This is a simple design I came up with back in 2011 well before the whole fidget spinners fad. Now that the fad for fidget spinners is finally fading - in part because of all the teachers banning them from their classrooms - I decided to bring the gear rings back out of retirement as a more subtle and less distracting way to "fidget". [ I could also see this somehow being used for Steampunk decorations for those of you who are into that. ]
Rather than something that spins around a single point (as the fidget spinners do) the Wood Gear rings require two pieces that work in conjunction to rotate. Each gear is a ring that you wear adjacent to each other-- lock them together and when you turn one the other turns. Pretty simple mechanics and pretty easy to make using the template below. The only difficult part of this is figuring out your ring sizes for two adjacent fingers, and making sure to not make them too tight so you can spin it easily.
Step 1: Get Access to a Laser Cutter
I use to sell these Gear Rings in my Etsy shop but I'm offering the design here for free. The first major step is getting access to a laser cutter (if you don't already own one). Most areas in the US and abroad have Maker Spaces that often have a laser cutter available for community use. If there isn't one where you live try a service like Ponoko which lets you upload your files, choose a material to cut from, and have it shipped to you for a fee. They can be pricey but if you've never used a laser cutter before and don't have access to one, it's a very convenient service.
Step 2: Choose Your Material and Prepare Your File
Although I have my own laser cutter (An Emblaser 2 from Darkly Labs which I highly recommend), I haven't been able to source a certain type of thick bamboo that I prefer to use for these rings. So when I've made these I've used Ponoko's laser cutting service and the material they provide. The bamboo I've used is a 3 ply Amber Bamboo that is roughly 1/4 inch thick (or 6.7mm) because I wanted the ring to have a certain thickness. Too thin of a ring will make it harder for the gears to lock and turn. I would imagine that you could use a different kind of wood for this as long as it's comparable in thickness, but I've never experimented with anything else.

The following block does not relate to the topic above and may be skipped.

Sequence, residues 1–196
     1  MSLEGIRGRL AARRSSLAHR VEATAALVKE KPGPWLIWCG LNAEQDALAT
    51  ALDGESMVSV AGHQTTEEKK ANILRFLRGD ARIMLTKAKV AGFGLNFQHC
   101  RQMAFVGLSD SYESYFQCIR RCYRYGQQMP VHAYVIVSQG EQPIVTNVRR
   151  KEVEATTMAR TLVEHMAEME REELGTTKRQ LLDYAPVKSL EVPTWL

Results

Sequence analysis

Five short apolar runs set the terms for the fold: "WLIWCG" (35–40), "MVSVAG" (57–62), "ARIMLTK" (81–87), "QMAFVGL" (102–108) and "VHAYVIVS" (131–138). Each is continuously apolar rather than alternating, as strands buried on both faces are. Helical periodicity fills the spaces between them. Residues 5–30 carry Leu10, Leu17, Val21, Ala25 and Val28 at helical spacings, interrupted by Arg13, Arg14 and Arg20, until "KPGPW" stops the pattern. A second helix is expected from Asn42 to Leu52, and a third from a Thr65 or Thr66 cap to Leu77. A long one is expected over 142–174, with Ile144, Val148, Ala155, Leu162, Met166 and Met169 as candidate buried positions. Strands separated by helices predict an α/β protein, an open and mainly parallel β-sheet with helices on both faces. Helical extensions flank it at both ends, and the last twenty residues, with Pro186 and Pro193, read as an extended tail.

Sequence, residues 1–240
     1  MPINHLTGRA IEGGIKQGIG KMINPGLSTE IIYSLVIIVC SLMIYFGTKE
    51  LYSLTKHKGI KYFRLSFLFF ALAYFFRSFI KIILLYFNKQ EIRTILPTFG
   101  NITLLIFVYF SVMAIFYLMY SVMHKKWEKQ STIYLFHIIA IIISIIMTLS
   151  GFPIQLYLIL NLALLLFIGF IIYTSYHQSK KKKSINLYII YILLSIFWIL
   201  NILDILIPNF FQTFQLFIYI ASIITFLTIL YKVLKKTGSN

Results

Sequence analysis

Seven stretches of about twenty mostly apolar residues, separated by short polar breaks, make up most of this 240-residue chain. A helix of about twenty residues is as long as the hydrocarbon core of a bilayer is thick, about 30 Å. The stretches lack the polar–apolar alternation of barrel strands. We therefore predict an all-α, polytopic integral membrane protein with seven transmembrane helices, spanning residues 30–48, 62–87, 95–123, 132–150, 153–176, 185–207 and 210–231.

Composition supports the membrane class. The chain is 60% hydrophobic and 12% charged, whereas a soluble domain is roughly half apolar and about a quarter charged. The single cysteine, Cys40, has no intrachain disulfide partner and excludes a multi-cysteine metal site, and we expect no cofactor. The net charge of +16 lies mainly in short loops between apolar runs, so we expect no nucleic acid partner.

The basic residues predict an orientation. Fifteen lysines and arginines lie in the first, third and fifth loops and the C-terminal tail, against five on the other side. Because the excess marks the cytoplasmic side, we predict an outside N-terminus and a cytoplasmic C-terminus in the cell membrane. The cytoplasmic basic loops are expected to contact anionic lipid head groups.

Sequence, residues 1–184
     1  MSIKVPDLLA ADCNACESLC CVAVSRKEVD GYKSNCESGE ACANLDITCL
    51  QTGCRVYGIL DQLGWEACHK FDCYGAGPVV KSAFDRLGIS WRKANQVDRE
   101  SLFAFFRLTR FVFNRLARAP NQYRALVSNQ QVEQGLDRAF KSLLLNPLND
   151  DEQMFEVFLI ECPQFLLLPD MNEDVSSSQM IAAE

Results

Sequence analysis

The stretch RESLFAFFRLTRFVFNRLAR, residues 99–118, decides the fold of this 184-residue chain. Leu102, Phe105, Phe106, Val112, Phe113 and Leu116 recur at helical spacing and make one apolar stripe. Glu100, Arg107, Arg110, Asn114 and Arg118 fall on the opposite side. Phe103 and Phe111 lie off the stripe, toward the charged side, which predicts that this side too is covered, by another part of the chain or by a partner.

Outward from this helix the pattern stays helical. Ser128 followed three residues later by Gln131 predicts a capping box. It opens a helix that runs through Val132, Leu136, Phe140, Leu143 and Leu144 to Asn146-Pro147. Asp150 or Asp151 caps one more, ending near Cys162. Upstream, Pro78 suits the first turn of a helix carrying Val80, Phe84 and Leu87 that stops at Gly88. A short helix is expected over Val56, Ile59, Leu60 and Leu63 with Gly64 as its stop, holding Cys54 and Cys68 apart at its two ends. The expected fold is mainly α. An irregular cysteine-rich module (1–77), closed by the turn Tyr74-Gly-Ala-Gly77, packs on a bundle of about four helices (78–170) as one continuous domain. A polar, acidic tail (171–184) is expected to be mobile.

For whichever options you choose, just be sure to laser cut the sizes you need -- or cut a bunch of different sizes and see which ones fit best. I've provided a pdf here that has a template with different ring sizes and an EPS file - if you need to make any adjustments - is available on my website (scroll down to the bottom of the linked page). I have full and half sizes on the template but you should keep in mind that with laser cutting a certain amount of material will be burned away. So if you want a ring that is exactly size 7 for example, you will want to scale the drawing up slightly (or offset the inside circle a certain amount). You will also want to keep text and lines that won't be cut in different colors, layers. or line weights. This really is dependent on the laser cutter software or the service you will be using so I've just made the dimensions/text, engraved lines, and cutting lines different colors.
Note: I use an old copy of Adobe Illustrator for my laser cut work but there are free graphics programs you could also use for preparing the files. Again, the format needed will depend on the laser cutting software used or what the service (like Ponoko) requires.
Step 3: Prepare Your Rings
Now that you have prepared your files and laser cut your rings the last step is optional. After popping the laser cut rings out of the material you may want to lightly sand them, then coat with a clear lacquer -- especially if the cuts aren't super clean. Once that is done put two on adjacent fingers and you're good to go.